Contested Histories and the Future of Anthropology
Roundtable | Anthropology Day 2019 |

How do we position ourselves in a scientific field that has been founded in and has been complicit in colonial enterprise? How do these past allegiances and their legacies put the core of the discipline into question? Since Writing Culture (Clifford and Marcus 1986), we have strived for emancipation from a certain anthropology that refused to acknowledge the positionality of the researcher-self. It became common in anthropology to reflect on one’s position within the research. But is that enough to address anthropology’s colonial legacies and entanglements? Are there other legacies and entanglements that remain unaddressed, undiscussed, unreflected, and continue to act as the grounds of anthropology? Are we in need of a new wave of emancipation in which we acknowledge anthropology’s history by more radically engaging with its legacies, instead of turning away from it? How do we as anthropologists, applied as well as in academia, position ourselves in this respect? How do we see the future of an anthropology that takes notice of and perhaps account for its contested history? What futures can we imagine for anthropology from this contested ground?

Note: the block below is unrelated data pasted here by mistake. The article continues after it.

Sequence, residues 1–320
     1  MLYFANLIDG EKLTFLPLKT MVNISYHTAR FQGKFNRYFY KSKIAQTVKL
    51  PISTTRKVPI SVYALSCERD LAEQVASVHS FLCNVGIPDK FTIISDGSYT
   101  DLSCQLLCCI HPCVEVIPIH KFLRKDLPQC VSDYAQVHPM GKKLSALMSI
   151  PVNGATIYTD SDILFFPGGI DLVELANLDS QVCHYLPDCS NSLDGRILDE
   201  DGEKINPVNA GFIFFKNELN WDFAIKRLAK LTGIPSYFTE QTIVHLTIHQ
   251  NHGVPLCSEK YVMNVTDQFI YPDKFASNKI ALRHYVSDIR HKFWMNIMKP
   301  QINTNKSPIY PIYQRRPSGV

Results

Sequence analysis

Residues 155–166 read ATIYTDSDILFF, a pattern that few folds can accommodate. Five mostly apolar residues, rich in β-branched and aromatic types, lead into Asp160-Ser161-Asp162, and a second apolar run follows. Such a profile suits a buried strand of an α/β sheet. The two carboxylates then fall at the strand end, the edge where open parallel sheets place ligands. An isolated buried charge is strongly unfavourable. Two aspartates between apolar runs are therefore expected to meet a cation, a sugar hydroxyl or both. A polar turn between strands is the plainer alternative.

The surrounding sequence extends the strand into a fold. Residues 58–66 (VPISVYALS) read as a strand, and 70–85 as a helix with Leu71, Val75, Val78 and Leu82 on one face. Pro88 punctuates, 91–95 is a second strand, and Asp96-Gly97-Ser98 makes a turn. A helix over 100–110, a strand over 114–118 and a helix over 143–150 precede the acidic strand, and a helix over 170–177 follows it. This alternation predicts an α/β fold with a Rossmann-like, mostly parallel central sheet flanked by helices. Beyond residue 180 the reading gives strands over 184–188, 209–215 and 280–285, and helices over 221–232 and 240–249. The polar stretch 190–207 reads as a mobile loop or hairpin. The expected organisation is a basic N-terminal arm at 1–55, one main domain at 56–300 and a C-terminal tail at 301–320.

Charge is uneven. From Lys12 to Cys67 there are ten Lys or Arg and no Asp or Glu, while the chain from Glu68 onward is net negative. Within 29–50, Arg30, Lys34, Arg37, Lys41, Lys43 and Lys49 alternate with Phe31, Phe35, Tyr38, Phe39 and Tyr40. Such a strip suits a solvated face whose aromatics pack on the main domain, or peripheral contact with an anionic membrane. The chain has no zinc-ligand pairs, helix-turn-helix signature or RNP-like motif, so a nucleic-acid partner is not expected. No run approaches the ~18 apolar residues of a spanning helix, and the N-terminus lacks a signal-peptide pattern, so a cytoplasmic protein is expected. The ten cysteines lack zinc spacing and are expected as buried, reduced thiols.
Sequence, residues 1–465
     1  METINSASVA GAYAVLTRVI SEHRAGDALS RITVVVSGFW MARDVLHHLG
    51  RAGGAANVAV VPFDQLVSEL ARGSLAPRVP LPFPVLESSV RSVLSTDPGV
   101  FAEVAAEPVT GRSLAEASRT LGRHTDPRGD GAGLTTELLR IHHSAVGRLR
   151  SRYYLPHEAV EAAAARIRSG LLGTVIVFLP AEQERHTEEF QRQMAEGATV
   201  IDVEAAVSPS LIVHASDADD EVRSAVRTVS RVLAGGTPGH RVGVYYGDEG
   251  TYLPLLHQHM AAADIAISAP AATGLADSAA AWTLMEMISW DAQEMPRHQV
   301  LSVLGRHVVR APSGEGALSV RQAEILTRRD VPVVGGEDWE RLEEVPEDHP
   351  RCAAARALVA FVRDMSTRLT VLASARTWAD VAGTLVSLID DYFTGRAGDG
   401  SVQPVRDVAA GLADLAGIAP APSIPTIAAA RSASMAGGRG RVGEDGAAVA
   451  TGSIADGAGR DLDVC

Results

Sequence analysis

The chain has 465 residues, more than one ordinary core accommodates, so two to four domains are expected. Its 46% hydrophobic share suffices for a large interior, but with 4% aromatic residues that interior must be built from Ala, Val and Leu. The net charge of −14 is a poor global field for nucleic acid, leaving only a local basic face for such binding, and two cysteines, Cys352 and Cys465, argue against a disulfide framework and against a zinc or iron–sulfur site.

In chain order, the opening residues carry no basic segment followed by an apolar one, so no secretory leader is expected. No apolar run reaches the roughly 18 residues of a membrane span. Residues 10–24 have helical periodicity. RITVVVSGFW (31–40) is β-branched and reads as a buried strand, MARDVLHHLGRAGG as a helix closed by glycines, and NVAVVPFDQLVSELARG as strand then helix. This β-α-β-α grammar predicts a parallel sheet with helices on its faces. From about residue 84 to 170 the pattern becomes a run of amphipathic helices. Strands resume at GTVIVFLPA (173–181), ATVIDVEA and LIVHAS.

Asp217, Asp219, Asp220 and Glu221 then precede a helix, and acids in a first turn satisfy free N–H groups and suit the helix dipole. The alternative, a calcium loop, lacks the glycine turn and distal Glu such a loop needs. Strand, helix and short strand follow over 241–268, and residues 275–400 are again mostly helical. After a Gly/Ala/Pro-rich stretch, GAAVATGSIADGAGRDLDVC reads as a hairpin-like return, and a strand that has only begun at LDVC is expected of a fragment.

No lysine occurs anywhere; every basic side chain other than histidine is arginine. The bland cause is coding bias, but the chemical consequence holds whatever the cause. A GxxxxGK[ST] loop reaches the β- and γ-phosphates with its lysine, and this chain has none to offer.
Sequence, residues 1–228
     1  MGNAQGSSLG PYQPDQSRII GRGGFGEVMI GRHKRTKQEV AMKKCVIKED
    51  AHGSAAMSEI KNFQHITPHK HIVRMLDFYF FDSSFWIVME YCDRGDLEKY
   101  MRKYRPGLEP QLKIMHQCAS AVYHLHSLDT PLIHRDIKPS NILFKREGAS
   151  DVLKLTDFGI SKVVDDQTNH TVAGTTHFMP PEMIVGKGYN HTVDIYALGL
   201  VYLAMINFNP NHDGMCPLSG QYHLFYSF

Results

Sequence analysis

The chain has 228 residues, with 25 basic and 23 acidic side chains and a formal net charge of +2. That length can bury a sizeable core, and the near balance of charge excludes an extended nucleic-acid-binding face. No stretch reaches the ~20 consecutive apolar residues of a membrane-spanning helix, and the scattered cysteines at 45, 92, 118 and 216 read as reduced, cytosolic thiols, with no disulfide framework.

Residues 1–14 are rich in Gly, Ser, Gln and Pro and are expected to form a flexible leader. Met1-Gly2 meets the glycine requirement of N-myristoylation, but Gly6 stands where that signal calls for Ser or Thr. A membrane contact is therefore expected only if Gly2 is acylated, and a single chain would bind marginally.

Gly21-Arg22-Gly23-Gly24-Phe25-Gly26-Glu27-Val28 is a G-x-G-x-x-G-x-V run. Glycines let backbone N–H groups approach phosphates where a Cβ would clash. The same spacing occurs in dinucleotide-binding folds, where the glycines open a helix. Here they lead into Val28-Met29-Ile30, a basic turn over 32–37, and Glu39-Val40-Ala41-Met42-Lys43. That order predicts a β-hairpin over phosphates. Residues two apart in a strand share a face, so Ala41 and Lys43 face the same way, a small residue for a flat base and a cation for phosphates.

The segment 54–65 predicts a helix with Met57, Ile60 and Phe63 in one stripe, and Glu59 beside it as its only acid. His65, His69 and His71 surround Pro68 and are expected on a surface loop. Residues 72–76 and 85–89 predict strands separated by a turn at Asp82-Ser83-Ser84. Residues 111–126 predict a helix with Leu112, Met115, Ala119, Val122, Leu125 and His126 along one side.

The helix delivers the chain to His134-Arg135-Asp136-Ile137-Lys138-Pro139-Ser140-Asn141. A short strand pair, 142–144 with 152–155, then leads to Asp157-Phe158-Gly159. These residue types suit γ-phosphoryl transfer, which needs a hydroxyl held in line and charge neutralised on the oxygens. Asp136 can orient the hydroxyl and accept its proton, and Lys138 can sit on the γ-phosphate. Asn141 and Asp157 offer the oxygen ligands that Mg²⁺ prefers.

Speakers: Wayne Modest (RCMC/VU),  Michael Ghebreab (Critical Mass) (tbc), Rebecca Bryant (Utrecht University, tbc)

Moderator: Anouk de Koning (Abv/Leiden University)

Organizer: Rita Ouédraogo (Abv/RCMC)

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